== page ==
financial decisions should be no-brainers. Yet it's when the
brain gets in the way that things turn most interesting
By Matt Golosinski
minimize risk while maximizing reward is the heart of finance.
In their efforts to break new ground on this subject, Kellogg
School finance professors employ a variety of tools and theories
to conceptualize risk, all of which prove extremely beneficial
for those looking to make smart decisions about capital reallocation,
frameworks and methodologies include such industry bulwarks
as the capital asset pricing model, real options, agency theory,
portfolio theory and more. Each of these ways of thinking
about risk and reward yields its own special discoveries,
but at root each approach requires researchers to take a close
look at what motivates people to invest or disinvest in practice.
© Nathan Mandell
In their research, Professors Andrea Eisfeldt and Andriano
Rampini seek a better understanding of asset reallocation
and explore the role managerial incentives play.
practice" qualifier is an important one, since from a
Finance I perspective, certain investment decisions ought
to be straightforward, based on fundamental assumptions and
driven by the numbers. Theoretically, some transactions should
be merely the outcome of using the capital asset pricing model
(CAPM, a way of thinking about diversifiable and nondiversifiable
risk) to calculate net present value (NPV, the difference
between the cost of undertaking a project and the expected
returns from that project). In this scenario, the hardest
part may simply be waiting for the earnings statement to reflect
the financial architect's wise, if conventional, choices.
some decisions are this obvious, many others are far more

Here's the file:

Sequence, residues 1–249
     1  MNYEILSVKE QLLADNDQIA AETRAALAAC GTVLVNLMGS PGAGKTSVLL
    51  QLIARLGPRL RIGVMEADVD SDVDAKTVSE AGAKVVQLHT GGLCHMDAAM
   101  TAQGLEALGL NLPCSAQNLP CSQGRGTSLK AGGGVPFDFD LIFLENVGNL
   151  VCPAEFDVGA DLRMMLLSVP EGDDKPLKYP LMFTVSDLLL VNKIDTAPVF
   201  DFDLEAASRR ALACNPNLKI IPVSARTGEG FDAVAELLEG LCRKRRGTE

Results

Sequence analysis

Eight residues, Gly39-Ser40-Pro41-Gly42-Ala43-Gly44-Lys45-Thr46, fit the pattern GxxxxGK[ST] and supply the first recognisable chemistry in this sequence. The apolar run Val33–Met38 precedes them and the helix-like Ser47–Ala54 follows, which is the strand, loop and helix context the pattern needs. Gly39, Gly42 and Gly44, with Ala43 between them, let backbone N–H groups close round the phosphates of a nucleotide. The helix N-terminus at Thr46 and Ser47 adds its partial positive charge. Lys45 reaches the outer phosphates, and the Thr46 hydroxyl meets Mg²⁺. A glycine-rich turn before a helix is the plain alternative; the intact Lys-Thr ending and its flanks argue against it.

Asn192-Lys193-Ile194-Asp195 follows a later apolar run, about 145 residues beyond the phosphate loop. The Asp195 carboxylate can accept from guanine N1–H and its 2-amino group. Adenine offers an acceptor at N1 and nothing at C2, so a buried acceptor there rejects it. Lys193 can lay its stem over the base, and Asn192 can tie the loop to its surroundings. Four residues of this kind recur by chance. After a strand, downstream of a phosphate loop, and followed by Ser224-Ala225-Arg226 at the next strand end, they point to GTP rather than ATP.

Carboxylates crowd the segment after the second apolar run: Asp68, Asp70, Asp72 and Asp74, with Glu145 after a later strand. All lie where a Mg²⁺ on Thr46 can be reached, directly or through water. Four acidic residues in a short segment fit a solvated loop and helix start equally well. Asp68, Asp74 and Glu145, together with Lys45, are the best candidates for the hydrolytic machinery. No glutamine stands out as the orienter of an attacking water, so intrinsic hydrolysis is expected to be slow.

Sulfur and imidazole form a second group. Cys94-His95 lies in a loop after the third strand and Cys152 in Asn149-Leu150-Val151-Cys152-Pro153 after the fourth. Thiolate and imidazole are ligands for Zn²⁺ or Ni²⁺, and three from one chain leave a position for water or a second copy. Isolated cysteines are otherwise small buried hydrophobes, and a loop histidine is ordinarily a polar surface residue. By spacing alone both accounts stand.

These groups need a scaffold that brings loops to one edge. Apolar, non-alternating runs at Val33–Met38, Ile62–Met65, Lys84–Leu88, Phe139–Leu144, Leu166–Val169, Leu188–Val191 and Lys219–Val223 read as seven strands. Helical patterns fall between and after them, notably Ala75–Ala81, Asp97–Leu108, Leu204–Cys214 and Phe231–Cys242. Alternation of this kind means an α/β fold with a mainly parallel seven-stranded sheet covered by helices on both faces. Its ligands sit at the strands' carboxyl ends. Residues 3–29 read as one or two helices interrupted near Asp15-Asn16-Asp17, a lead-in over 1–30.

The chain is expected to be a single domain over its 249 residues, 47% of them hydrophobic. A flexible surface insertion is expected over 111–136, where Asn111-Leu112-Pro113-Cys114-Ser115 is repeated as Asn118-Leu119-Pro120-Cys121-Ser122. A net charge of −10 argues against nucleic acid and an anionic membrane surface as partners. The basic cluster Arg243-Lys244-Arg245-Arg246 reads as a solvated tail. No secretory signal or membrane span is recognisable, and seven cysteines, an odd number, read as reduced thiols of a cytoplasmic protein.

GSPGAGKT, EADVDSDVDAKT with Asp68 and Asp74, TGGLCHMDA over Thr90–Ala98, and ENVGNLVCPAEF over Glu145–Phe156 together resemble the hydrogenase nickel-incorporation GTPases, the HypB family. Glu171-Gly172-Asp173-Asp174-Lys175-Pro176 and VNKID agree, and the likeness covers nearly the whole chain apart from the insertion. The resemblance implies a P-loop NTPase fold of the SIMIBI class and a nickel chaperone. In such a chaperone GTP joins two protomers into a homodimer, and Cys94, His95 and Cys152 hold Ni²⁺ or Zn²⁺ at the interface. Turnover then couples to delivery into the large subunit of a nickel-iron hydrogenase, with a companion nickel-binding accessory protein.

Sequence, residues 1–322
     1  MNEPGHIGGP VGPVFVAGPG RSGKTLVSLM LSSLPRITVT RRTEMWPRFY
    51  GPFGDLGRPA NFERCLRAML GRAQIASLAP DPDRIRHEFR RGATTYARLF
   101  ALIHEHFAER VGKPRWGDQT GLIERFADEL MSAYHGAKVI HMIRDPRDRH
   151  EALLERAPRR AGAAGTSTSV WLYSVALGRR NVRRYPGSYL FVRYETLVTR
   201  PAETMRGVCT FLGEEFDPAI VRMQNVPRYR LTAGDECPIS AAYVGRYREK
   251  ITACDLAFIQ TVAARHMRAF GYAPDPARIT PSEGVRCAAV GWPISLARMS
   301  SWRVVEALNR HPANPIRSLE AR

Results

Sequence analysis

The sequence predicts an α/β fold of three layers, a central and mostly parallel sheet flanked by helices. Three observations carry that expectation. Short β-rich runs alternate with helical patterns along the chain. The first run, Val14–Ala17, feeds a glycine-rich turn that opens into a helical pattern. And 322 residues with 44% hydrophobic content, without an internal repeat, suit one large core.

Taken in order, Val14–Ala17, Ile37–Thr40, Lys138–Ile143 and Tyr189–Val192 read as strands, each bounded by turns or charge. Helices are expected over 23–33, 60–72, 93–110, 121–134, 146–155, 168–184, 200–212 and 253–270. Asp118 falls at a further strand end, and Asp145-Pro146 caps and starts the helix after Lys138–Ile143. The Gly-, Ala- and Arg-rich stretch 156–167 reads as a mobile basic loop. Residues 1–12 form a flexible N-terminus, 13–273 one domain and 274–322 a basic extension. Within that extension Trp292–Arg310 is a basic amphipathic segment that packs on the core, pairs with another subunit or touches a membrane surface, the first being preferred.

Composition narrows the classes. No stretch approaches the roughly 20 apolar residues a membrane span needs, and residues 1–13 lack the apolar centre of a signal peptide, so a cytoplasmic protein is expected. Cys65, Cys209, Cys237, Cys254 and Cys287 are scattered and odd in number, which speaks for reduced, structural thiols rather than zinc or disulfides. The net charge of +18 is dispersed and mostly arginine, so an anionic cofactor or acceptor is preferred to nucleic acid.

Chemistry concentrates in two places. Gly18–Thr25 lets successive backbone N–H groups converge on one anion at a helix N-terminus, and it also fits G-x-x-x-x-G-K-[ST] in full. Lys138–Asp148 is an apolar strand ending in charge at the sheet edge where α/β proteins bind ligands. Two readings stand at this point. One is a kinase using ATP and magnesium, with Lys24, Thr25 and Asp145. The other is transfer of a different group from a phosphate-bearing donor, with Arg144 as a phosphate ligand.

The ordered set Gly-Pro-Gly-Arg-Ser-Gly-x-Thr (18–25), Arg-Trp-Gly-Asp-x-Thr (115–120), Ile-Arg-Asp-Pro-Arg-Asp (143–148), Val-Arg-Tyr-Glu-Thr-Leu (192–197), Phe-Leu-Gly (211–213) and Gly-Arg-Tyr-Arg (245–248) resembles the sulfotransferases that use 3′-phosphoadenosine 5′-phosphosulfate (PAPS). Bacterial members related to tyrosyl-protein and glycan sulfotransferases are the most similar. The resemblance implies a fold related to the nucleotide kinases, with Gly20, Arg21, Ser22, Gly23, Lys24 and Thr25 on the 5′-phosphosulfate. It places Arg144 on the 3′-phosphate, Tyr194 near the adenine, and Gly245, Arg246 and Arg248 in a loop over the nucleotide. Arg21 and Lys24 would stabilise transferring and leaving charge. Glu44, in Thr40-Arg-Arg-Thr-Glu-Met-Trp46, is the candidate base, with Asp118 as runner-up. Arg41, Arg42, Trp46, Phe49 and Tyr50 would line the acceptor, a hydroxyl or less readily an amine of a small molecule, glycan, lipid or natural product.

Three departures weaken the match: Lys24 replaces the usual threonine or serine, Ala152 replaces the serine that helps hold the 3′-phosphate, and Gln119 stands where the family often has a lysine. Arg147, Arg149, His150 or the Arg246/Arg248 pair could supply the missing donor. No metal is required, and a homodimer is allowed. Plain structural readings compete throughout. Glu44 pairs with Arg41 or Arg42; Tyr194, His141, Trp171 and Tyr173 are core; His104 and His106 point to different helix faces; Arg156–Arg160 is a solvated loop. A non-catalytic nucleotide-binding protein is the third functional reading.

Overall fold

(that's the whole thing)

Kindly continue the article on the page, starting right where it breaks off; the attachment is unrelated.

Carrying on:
complex, their risks subtle and their outcomes shrouded in
the whims of a volatile market that the finance models try
to keep up with. It is this fact that makes finance so engrossing,
or nerve-wracking, depending upon one's perspective and portfolio.
challenge facing economists, finance scholars, investment
bankers and CFOs is that, unlike many other academic disciplines,
finance works in a more "real-time" relationship with the
you are doing macroeconomics, labor economics or finance,
you're sort of stuck with the historical record," says
Korajczyk, senior associate dean: curriculum and teaching,
and an asset pricing expert.
don't have the luxury that experimental sciences have. There
are some people doing experiments in finance, but there are
issues about whether those experiments with small groups generalize
to a market where you have people competing with one another,"
adds Korajczyk, who is also the Harry G. Guthmann Distinguished
Professor of Finance.
is it that keeps capital from moving to the highest productivity
firms, in particular in bad times?" asks Prof. Andrea
apparent in a smallenvironment may not be sustainable in a
larger environment, he points out.
this experimental limitation, Kellogg School finance professors
continue to produce compelling research. Their typical destination?
Into the unknown. After all, it's uncertainty that breeds
risk: the things we don't know can create situations in which
asymmetric information establishes a dynamic where fortunes
are won or lost.
bad managers need a bigger paycheck
severance payments to managers leaving firms are certainly
controversial, but if Andrea
Eisfeldt and Adriano Rampini are correct
in their theories about asset reallocation, those big bonuses
are no mistake.
School finance professors have been focusing their attention
on the role managerial incentives play in capital budgeting,
in particular, the way managers' preferences influence investment
decisions during both economic booms and downturns.
heart of their recent work is understanding how to get capital
resources —such things as machines, manufacturing plants,
and other physical inputs —into the hands of those firms
that can make the most productive use of them. Too often,
they say, underperforming companies are reluctant to sell
their resources. As a result, firms that are performing well